“We Carved Not a Line, We Raised Not a Stone.”
by Phil Spaugy
It can be difficult at times to come up with a proper blog post on a subject such as Memorial Day. To write with the proper depth of emotion and respect of such a solemn day where we recognize and remember those who, by sacrificing their lives blessed us with the most precious of gifts of liberty and freedom. For those of us with an interest in the soldiers of the American Civil War, there is in my view no better way to try to connect with the feeling of loss and sacrifice of the common soldier during that conflict than to re-visit the story of Si Klegg and his “pard” Shorty as related in the book ” Corporal Si Klegg and His Pard Shorty, How They Lived, Talked and What They Did and Suffered While Fighting For The Flag” by Wilbur Hinman. While students of the war know that this book is a work of fiction, they also realize that the author served during the war as a major in the 65th Ohio Volunteer Infantry, and his book is based on his war-time experiences.
So then lets join Si and Shorty as they stand in the ranks after a major battle for their company roll call:
After breakfast Company Q, of the 200th Indiana, was drawn up in line for roll-call, for the first time since the havoc of the fight. One of the lieutenants had been killed and the other wounded. Only the captain remained of the officers. The company looked a mere squad when contrasted with the full ranks with which it went so bravely into battle. There were sad faces and aching hearts as the men thought of loved comrades who had marched by their side, whose familiar touch they would feel no more.
“Call all the names,” said the captain to the orderly, “and let the men answer for their comrades who are not here to speak for themselves.”
“Sargeant Gibson.” …killed; shot through the head!”
“Sargeant Thompson.””Wounded in the thigh while holding the colors.”
“Corporal Brown.” “Mortally wounded; died the morning after the fight!”
Si’s response was clear and full, as if he was proud to be “here.” There was a perceptible tremor in his voice, however, for his heart was full of tender memories of those who had gone down before the storm.
“Private Anderson”….Here !”
“Aultman.” … “Dead… fell by my side and never spoke a word!”
“Barnes.”….”Right arm torn off by a piece of shell; in hospital.”
“Connolly.”..”Killed in the charge when we drove ’em!”
And so it went on through the list. Little wonder that the captain wept, as he stood with folded arms listening to the responses, and looking with feelings of mingled pride and grief upon what remained of his gallant company! Little wonder that tears trickled down through the dust and grime, over the faces of men strong and brave! Little wonder that lips quivered and voices trembled with emotion, and the words, in answer to the call of the orderly, found difficult utterance!After the roll was finished the captain tried to speak a few words of compliment to his men, but heart and voice failed him. Vainly striving to control his feelings he bade the orderly dismiss the company, and turned away with streaming eyes.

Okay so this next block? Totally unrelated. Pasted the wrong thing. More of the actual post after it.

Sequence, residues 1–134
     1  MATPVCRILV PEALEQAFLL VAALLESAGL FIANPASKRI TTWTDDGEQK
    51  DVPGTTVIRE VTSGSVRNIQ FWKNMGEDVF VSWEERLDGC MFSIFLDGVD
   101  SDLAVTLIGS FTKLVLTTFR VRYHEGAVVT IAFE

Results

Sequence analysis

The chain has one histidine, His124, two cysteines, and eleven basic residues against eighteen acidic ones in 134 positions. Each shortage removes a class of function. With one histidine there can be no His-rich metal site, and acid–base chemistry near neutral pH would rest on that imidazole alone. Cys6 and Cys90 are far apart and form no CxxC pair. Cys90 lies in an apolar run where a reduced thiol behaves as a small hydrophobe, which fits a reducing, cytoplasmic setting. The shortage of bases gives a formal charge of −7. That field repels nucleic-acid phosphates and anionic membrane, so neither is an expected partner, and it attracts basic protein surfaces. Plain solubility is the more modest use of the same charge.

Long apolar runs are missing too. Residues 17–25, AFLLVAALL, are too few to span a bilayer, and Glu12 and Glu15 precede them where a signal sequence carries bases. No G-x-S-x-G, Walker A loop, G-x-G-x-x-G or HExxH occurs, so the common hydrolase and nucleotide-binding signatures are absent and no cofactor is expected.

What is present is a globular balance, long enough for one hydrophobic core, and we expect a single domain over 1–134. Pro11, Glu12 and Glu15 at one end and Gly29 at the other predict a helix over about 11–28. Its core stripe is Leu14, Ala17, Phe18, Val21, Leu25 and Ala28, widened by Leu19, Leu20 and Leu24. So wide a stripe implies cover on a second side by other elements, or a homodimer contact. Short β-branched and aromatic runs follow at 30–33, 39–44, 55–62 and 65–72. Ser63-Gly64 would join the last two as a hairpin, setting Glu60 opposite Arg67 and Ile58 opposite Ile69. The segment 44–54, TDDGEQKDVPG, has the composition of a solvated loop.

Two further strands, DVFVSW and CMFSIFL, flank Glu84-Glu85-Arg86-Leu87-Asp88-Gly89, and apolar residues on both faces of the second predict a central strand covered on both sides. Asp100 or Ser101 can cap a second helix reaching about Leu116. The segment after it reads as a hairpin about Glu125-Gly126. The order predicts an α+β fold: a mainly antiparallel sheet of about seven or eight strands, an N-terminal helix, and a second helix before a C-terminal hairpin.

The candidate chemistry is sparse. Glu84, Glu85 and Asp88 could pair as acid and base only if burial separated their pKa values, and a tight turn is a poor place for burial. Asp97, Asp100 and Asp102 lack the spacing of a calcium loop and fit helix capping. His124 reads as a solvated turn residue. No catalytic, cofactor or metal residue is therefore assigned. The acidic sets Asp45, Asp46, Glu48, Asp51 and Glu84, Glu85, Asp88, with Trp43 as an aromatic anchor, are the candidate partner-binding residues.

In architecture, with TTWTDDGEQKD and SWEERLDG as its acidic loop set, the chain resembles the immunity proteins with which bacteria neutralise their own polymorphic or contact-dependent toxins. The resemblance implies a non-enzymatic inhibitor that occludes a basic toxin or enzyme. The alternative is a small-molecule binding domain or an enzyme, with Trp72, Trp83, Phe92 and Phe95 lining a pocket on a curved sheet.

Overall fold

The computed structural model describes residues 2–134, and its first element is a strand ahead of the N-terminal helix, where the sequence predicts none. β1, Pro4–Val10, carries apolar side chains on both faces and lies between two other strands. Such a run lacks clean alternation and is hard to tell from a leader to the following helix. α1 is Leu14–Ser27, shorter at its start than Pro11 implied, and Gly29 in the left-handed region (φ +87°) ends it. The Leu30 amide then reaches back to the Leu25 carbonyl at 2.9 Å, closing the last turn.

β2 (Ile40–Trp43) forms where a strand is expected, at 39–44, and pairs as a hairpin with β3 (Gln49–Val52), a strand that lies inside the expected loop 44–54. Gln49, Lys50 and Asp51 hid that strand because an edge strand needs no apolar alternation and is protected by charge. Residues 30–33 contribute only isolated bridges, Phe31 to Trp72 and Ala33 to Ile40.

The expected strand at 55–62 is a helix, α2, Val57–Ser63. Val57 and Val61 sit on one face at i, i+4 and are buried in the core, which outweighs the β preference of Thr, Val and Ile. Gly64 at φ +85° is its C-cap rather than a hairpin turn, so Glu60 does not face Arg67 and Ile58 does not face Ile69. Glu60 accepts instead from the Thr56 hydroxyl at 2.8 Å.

Later in the day an order was issued for a detail from each company to go upon the field where the regiment fought, and discharge the last sad duty—that of gathering and burying the dead. As yet the slain of the army were lying where they fell, scattered over miles of field and copse and wood.
The orderly of Company Q called for volunteers, and the necessary number stepped promptly to the front, Si Klegg and Shorty among them. Picks, spades and stretchers were supplied, and the detachment from the 200th. in charge of an officer, started upon its mournful mission.
A suitable spot was selected and a long trench dug, seven feet wide and three feet deep. Then the mangled and stiffened corpses were borne thither upon stretchers. They were wrapped in the blankets which they had carried over their shoulders when they went into the fight, and which still encircled their lifeless bodies, reddened by the blood of those who wore them. The men laid their dead comrades side by side in the trench. Then the earth was shoveled in, and those familiar faces and forms were hidden from the eyes of the living. At the head of each was placed a bit of wood, perhaps a fragment of a cracker box, with his name, company and regiment penciled upon it for future identification.
Few words were spoken during these sad rites. Hearts were too full.
“Shorty,” said Si, as they marched back to the bivouac, that’s the best we could do fer the poor boys, but it’d make me feel bad ter think I was goin’ ter be buried that way, hunderds o’ miles from home ‘n’ friends, ‘n’ ‘thout even anybody to speak a prayer. I think a man’t willin’ly gives his life fer his country as they did—an’ ye know that’s jest all a man kin do—desarvessuthin better ‘n that kind o’ plantin’, like so many pertaters in a row.”
“Ye keep gittin’ sentermental, Si,” replied Shorty. “That’s all well ‘nough, but it don’t matter much what they do with ye after a bullet’s gone through yer head. I’d’s lief be buried one place’s nuther. Anyhow, it’s a part o’ war. Ye git killed ‘n’ they dig a hole ‘n’ tumble ye in, ‘n’ that’s all’t military glory ‘mounts to!”
So this weekend, when you are enjoying the “Memorial Day Holiday” make the time to visit a local cemetery and perhaps prove Shorty’s perception of military glory wrong. Pause to gaze with silent reverence upon the rows of American flags, and if you are so inclined say a prayer of thanks to all the Si Klegg’s and Shorty’s of our history. They will hear you and know that while military glory might be fleeting, they lie not forgotten by those generations of Americans for whom they gave their “Last Full Measure of Devotion.”